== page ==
|Nzekwe Phillips Lexie Okai; clay and fiberglass on wood which is evolved using traditional Benin methods.|
This is an absolutely gorgeous piece!*
The unclothed human form, male and female, is beautiful. I am comfortable with it as an art form, in many instances enjoy the works. I'm not even bothered too much by the ones that border on porn, except when the artist tries to pretend it is high art rather than a titillation piece. In those cases, artistic dishonesty is a turn-off more than the artwork itself.
Personally, I don't question expression of the body and actually believe that the unclothed form is more natural than covered, just as pre-colonial societies demonstrate.
That said, we live in different times. And as much as I respect the nude form, I am, many times, torn between appreciating a particular artist's nude female work and struggling with his entrenched, patriarchal stance as expressed by the artist. When engaging the work of male artists that are new to me the question is in the back of my mind: "Sure, he states how much he appreciates the nude female form, but who is he really?"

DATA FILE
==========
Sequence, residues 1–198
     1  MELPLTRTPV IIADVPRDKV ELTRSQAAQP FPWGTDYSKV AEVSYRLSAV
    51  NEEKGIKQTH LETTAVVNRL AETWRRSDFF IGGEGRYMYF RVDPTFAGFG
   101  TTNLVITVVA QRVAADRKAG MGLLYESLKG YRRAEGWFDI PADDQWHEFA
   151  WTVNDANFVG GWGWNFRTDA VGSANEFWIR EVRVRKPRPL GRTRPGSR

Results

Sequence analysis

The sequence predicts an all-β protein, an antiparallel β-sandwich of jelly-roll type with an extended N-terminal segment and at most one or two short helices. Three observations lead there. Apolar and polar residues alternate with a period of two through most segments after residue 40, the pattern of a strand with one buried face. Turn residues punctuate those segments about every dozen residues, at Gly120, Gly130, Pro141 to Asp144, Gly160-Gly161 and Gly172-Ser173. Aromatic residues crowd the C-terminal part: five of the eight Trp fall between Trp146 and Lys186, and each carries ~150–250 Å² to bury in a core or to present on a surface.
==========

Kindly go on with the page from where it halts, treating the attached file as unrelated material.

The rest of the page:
How does the artist's patriarchy inform his work and selection of subject matter? At the foundation of patriarchy is objectification and silencing of females.
To me the question is: Can a patriarchal male inhabit another dimension in his work with the female nude such that she, in that instance alone (no other areas of his life), becomes a full human equal to him in intelligence, maturity, creativity, sexual choice, and spirituality?
The male artist-female nude is a complex domain.
*NOTE: This discussion of patriarchy and art has no reference to artist Nzekwe Phillips Lexie Okai or his masterful art. The image of his piece is shared solely because it is exquisite and exhibits tasteful representation of the nude female form.